The primary endpoint of this study was pathologic complete response. Pathologic response was considered complete if there was no evidence of invasive breast tumor and the lymph nodes were negative. Pathology specimens were reviewed by two pathologists. If there was evidence of breast carcinoma in situ, but no evidence of invasive disease, this was still considered to be a pathologic complete response.

Results

Patients

From December 2006 to 2007, 10 patients were enrolled in the study. Patient characteristics are summarized in Table 1. All patients had a BRCA1 mutation; of these, eight (80%) carried the common 5382insC founder mutation. The median age of diagnosis was 45 years (range 38–57 years). The median pre-treatment tumour size was 2.5 cm (range 1.0–6.5 cm). Clinically-positive lymph nodes were noted in three patients (30%). Nine patients had immunohistochemical studies; all were negative for estrogen receptor, progesterone receptor and ERBB2 (i.e. were triple-negative).
Table 1

Baseline clinical characteristics of the study population (N = 10)

Characteristic

No.

%

Age (years)

    Mean

46.7

 

    Range

38–57

 

Type of BRCA1 mutation

    5382insC

8

80

    C61G

2

20

Treating hospital

    Szczecin

8

80

    Bielsko-Biala

2

20

Clinical tumor stage

    T1 (<2 cm)

5

50

    T2 (≥2 cm to ≥5 cm)

4

40

    T3 (>5 cm)

0

0

    T4

1

10

Clinical nodal status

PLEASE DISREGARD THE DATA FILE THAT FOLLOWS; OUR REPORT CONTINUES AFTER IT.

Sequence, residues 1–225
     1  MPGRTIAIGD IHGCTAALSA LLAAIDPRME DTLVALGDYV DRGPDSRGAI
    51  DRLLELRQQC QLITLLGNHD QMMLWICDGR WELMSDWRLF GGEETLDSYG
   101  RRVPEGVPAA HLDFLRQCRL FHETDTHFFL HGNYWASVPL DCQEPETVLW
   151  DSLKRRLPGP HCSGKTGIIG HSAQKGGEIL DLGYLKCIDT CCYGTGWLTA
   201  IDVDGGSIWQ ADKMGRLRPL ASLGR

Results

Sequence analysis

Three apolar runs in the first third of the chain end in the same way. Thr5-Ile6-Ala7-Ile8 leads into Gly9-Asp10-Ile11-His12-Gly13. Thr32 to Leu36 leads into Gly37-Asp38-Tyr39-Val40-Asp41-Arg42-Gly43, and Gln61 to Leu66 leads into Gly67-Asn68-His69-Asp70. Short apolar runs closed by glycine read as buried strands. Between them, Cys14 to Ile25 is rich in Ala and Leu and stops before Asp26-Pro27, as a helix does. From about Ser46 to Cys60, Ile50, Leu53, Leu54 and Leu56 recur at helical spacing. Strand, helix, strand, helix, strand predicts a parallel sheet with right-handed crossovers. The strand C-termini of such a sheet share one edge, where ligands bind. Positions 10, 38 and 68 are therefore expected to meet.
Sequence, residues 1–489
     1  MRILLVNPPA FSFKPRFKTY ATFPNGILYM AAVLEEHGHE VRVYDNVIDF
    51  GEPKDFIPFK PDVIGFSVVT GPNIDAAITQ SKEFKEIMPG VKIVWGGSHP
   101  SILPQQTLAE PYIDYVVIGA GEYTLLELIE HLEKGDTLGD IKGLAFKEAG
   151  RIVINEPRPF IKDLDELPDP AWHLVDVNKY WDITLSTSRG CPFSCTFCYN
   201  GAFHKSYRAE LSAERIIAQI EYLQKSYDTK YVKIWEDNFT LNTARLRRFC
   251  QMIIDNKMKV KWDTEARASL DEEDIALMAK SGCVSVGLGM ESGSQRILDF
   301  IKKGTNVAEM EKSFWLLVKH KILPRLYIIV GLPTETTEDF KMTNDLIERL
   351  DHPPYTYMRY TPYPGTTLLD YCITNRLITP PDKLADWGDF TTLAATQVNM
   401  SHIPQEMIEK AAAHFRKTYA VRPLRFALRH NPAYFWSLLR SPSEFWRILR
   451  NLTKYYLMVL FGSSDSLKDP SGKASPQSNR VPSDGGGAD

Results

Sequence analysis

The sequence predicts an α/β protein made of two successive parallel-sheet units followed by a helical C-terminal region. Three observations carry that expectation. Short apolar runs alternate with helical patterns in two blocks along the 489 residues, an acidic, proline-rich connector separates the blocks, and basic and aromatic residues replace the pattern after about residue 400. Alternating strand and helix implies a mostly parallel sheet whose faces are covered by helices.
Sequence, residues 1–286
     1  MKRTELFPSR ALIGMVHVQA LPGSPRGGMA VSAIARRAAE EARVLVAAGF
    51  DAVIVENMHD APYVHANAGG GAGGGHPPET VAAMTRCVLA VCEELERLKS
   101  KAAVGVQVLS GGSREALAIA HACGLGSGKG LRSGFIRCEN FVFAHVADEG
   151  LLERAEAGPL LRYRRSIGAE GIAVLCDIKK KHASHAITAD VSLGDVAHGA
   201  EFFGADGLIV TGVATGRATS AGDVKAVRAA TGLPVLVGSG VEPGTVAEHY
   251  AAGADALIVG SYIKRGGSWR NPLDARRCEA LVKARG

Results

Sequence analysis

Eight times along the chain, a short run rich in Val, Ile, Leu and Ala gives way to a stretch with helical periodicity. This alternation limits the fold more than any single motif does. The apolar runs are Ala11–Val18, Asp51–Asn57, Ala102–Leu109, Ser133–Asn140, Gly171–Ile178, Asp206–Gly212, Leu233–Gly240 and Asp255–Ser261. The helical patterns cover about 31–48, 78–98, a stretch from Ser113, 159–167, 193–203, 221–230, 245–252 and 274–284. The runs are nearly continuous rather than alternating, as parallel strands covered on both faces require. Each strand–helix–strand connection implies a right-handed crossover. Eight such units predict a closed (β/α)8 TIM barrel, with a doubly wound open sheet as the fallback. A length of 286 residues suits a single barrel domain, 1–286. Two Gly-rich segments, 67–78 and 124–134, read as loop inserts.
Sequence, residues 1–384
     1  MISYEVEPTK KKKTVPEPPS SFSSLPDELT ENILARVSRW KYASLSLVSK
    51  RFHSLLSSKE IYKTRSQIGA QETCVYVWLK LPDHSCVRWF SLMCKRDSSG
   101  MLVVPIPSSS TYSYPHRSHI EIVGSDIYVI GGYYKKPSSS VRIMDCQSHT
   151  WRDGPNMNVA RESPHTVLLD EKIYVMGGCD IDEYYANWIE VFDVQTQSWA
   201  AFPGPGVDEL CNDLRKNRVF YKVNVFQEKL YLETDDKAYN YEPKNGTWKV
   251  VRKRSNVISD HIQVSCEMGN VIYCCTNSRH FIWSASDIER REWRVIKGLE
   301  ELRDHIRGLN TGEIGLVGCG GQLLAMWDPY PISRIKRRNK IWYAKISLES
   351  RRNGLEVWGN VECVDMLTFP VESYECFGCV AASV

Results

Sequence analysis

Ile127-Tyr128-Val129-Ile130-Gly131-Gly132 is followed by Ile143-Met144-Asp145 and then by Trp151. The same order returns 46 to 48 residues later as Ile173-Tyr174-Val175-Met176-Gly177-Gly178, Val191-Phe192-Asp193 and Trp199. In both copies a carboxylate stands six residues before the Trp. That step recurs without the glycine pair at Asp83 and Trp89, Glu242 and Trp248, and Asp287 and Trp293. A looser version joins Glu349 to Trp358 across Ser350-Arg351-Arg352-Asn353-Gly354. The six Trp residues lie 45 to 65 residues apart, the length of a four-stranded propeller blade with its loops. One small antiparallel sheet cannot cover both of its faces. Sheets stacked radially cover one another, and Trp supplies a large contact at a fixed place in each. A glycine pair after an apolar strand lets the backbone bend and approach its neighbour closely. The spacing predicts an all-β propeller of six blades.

N0

7

70

    N1

1

10

    N2

2

20

    N3

0

0

Bloom–Richardson grade

    I

0

0

    II

0

0

    III

9

90

    Unknown

1

10

Estrogen receptor levels

    Positive

0

0

    Negative

9

90

    Missing

1

10

Progesterone receptor levels

    Positive

0

0

    Negative

9

90

    Missing

1

10

HER2 status

    0

9

90

    1+

0

0

    2+

0

0

    3+

0

0

    Missing

1

10

Seven patients received the planned four cycles of cisplatin. Three patients stopped treatment after two cycles. One patient stopped due to side effects (nausea and vomiting) and two patients chose to stop treatment in order to expedite surgery. No patient experienced febrile neutropenia and no patient received G-CSF. No grades 3 or 4 anemia was observed.

After neoadjuvant cisplatin, no patient had clinical evidence of disease in the breast, but one patient had palpable lymph nodes (clinical response rate 90%). The patient with a partial clinical response had received only two cycles of chemotherapy. All 10 patients then had a mastectomy and lymph node dissection. Nine patients achieved a complete pathological response (90%) with no residual disease in the breast or the axilla (Table 2). The patient who did not achieve a clinical complete response (described above) had three (of 11) axillary nodes positive for tumour cells, but she had no residual disease in the breast. There was no evidence of ductal carcinoma in situ in any breast specimen.
Table 2

Response to treatment

Response

No.

%

Clinical response

    Complete response

9

90

    Partial response

1

10

    No change

0

0

    Progressive disease

0

0

Pathologic response

    Complete pathologic response

9

90

    Partial reseponse

1

10

    No response

0

0

Residual disease in breast

    None

10

100

    <1 cm

0

0

    1–3 cm

0

0

    4–9 cm

0

0

    >9 cm

0

0

Number of lymph nodes positive

    0

9

90

    1–3

1

10

    4–9

0

0

    >9

0

0

Discussion